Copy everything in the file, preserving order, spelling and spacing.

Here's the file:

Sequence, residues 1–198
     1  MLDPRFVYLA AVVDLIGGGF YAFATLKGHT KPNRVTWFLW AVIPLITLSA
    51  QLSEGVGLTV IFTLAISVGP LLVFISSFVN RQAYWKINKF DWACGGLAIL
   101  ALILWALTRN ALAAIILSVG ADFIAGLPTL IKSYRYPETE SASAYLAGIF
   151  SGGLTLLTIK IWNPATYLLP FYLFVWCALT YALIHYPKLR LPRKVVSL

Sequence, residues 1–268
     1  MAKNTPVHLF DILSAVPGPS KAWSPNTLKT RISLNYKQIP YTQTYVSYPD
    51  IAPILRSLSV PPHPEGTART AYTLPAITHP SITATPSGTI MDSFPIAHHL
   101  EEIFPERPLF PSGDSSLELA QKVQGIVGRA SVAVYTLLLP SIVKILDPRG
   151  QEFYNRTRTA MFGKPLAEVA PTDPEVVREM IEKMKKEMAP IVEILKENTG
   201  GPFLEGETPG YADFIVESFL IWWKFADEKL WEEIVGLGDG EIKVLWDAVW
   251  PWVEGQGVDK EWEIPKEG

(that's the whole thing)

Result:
Sequence, residues 1–198
     1  MLDPRFVYLA AVVDLIGGGF YAFATLKGHT KPNRVTWFLW AVIPLITLSA
    51  QLSEGVGLTV IFTLAISVGP LLVFISSFVN RQAYWKINKF DWACGGLAIL
   101  ALILWALTRN ALAAIILSVG ADFIAGLPTL IKSYRYPETE SASAYLAGIF
   151  SGGLTLLTIK IWNPATYLLP FYLFVWCALT YALIHYPKLR LPRKVVSL

Sequence, residues 1–268
     1  MAKNTPVHLF DILSAVPGPS KAWSPNTLKT RISLNYKQIP YTQTYVSYPD
    51  IAPILRSLSV PPHPEGTART AYTLPAITHP SITATPSGTI MDSFPIAHHL
   101  EEIFPERPLF PSGDSSLELA QKVQGIVGRA SVAVYTLLLP SIVKILDPRG
   151  QEFYNRTRTA MFGKPLAEVA PTDPEVVREM IEKMKKEMAP IVEILKENTG
   201  GPFLEGETPG YADFIVESFL IWWKFADEKL WEEIVGLGDG EIKVLWDAVW
   251  PWVEGQGVDK EWEIPKEG